As you probably know, I’m a big fan of the Not-To-Do List.
Deciding what you’re not going to spend time on is every bit as important as deciding what you are going to spend time on.
What I’ve found, though, is that the most important Not-To-Do’s are the ones that affect how I feel, more than what I do.
These are the things that can derail entire days without me even realizing it.
Do any of these need to go on your Not-To-Do List?
1. Self Doubt
I know, I know. Saying not to doubt yourself is a little like saying not to worry–much easier said than done. So, what do we do about it?
Questions have a powerful way of re-directing focus, so if you find yourself asking “what if” and questioning whether you have what it takes, turn those questions around on purpose.
What if it goes right? What would the impact be? How would you grow? Is there anything you can learn now that will help you?
The world is so noisy. There is so much advice flying at us from every direction, and plenty of pressure inside and out. Especially when you pair it with self-doubt, it’s natural to second-guess your decisions, even when they were well-thought-out, intentional decisions.
If you find yourself spinning your wheels second-guessing, ask yourself:
To the extent that you can control, are the things on your To-Do List moving you toward the goals and priorities you’ve already decided are important?
If you’ve slipped out of alignment, take this opportunity to re-focus. Otherwise, try to find one very practical way to move forward today.
And for the things that simply need to be done, can you give yourself some grace? Here’s a blog post that may help.
3. Mindless Scrolling
This category represents anything you reach for when things get a little too real, messy, or unknown. For me, it’s mindless scrolling on social media, or eating when I’m not even hungry. It could be something completely different for you.
Checking e-mails is a common one, and it’s sneaky, because it seems so productive, but it’s often the easier thing we reach for when we have time that could go toward our most important work.
If you find yourself wanting to tap out, set a timer for 20 minutes and give your most important task your full attention for that 20 minutes. Most likely, you’ll want to keep going because you’ll finally have some momentum, which feels good.
But if not, don’t force it! Grinding away at something for hours and having nothing to show for it because you just couldn’t get going is demoralizing. Instead, thank yourself for giving 20 solid minutes of effort and then ask:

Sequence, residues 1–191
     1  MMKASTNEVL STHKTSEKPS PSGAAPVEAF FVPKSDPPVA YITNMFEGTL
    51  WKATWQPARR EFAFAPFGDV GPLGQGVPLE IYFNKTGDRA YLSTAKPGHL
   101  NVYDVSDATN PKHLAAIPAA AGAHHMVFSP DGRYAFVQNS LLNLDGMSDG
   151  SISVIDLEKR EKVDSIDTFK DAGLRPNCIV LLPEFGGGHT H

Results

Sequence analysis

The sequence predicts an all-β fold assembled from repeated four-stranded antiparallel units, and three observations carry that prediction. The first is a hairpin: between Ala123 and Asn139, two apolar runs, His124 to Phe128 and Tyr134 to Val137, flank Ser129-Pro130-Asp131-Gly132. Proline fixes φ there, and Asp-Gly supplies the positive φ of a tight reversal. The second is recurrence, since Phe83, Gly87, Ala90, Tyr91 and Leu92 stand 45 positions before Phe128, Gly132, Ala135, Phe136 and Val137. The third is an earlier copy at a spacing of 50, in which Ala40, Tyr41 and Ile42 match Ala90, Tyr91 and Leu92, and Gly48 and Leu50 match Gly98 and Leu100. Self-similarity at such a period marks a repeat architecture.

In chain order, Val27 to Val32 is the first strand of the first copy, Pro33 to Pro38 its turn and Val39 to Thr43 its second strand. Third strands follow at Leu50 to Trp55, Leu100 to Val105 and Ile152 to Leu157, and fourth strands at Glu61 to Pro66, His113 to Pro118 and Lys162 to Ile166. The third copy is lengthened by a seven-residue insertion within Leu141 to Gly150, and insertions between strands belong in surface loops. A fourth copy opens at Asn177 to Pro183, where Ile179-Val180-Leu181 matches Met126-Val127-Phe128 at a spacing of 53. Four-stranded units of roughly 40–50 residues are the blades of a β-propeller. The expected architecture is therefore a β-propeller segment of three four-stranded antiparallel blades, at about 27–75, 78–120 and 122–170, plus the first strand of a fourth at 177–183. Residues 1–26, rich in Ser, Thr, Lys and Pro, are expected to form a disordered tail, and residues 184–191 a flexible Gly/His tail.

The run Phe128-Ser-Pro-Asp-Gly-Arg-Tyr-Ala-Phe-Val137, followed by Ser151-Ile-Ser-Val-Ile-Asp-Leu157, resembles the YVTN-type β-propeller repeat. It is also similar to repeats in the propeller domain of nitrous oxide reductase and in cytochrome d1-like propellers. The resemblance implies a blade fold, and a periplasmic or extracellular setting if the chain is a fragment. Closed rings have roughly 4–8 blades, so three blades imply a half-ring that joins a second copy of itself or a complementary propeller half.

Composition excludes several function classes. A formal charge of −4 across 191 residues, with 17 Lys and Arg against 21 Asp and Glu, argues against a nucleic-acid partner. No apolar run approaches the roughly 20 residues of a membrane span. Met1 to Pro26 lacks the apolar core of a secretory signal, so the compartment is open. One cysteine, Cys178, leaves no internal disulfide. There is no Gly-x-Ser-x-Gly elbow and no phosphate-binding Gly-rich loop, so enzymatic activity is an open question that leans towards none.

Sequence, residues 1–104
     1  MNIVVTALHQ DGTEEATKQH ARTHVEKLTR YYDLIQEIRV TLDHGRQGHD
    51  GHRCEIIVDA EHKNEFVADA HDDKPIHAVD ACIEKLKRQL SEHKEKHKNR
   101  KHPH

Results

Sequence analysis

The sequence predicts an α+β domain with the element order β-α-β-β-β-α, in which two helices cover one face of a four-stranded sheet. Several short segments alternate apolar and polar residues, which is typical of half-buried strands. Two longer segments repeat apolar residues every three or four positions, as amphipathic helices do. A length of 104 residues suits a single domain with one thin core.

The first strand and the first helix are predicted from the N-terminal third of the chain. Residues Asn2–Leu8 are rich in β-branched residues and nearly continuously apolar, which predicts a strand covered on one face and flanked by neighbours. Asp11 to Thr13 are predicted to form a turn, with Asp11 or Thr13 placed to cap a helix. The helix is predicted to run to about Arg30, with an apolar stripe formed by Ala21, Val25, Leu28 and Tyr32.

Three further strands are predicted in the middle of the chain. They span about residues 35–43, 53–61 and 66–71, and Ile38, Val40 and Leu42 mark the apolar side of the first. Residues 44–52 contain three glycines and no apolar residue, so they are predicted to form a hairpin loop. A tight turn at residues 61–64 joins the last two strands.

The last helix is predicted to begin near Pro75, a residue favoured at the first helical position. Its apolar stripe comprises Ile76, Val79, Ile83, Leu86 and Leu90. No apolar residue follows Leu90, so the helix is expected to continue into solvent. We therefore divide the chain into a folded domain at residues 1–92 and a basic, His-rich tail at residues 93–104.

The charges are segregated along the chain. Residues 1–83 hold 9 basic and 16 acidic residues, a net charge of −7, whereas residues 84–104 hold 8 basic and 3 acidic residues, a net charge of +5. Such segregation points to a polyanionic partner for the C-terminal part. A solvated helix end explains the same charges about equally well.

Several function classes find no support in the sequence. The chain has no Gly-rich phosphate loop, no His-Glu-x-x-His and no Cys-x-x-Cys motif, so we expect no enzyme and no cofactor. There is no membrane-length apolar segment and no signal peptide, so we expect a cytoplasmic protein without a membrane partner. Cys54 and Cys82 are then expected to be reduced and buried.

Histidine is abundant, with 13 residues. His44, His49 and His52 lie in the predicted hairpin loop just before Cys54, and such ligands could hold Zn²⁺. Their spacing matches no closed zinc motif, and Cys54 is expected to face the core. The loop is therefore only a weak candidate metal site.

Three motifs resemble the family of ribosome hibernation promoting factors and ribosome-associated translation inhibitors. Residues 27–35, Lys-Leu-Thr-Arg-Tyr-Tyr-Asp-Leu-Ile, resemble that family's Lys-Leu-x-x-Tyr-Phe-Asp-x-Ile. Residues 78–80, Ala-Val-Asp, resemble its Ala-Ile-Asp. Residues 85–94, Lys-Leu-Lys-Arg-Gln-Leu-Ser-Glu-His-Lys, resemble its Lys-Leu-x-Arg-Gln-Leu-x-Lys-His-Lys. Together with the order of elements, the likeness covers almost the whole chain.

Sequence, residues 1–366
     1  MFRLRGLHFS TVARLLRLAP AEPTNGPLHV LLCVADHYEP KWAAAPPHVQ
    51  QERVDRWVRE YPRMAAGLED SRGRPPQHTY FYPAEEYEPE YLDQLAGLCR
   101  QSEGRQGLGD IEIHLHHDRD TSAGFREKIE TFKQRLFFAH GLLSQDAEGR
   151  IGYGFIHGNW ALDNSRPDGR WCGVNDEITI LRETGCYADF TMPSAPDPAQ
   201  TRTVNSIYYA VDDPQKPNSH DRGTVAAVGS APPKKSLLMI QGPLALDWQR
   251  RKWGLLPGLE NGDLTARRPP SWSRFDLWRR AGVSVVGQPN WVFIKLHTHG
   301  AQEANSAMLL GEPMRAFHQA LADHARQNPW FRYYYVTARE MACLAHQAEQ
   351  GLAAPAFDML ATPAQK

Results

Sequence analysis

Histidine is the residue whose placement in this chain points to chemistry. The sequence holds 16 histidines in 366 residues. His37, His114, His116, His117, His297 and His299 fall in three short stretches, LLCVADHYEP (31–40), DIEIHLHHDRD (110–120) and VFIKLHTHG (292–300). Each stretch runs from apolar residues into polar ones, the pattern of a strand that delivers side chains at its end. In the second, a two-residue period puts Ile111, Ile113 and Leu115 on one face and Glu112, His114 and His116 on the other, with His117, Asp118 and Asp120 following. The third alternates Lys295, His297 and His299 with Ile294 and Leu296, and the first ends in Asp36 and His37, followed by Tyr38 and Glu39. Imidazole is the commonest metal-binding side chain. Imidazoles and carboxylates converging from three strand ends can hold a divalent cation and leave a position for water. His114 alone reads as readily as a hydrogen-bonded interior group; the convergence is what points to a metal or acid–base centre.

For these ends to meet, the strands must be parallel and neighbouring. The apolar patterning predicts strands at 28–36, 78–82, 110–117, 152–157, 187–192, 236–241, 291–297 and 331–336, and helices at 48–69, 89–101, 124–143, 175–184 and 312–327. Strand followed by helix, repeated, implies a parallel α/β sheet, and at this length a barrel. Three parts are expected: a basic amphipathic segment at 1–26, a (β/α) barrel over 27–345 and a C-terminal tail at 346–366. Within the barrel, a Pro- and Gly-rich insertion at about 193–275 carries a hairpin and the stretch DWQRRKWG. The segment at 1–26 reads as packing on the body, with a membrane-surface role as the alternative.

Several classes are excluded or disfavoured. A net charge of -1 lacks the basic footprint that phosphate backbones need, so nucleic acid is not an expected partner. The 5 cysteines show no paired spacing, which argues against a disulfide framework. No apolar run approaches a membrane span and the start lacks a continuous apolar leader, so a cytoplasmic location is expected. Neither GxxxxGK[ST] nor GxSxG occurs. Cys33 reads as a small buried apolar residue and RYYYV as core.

What is the next-best way you can use this time?
And intentionally re-direct.
For years, I worked with someone who experienced a very public demotion, and they turned to finding fault with everyone and everything around them as a way of deflecting. I was one of their favorite targets, because I’d been put in charge of one of their former teams. Our results spoke for themselves, and yet I wasted so much time trying to prove things that no one else was asking me to prove. Sometimes I was trying to prove things to him, sometimes just to myself, but nothing worthwhile came out of any of it.
Is there anything you wish others knew indisputably about you? Is there anything you wish you could believe about yourself? Can you accept that it’s all open for interpretation?
I love this quote from Katie Den Ouden, and find it a perfect mediation in these moments:
It’s so easy to slip into comparison mode. A quick tap on your phone’s screen, a bit of news about a friend, or a harmless sentence in an e-mail can trigger feelings of comparison or jealousy. Sometimes, dealing with these things takes focused time and attention. But what about if it’s just a quick pang of comparison as you go about your day, and you aren’t able to give it time or attention right now? Here’s a question to re-direct your focus:
How can you grow today?
Look for one small step you can take in the direction of growth. Frankly, I think the very act of steering your attention away from comparison is growth worth celebrating!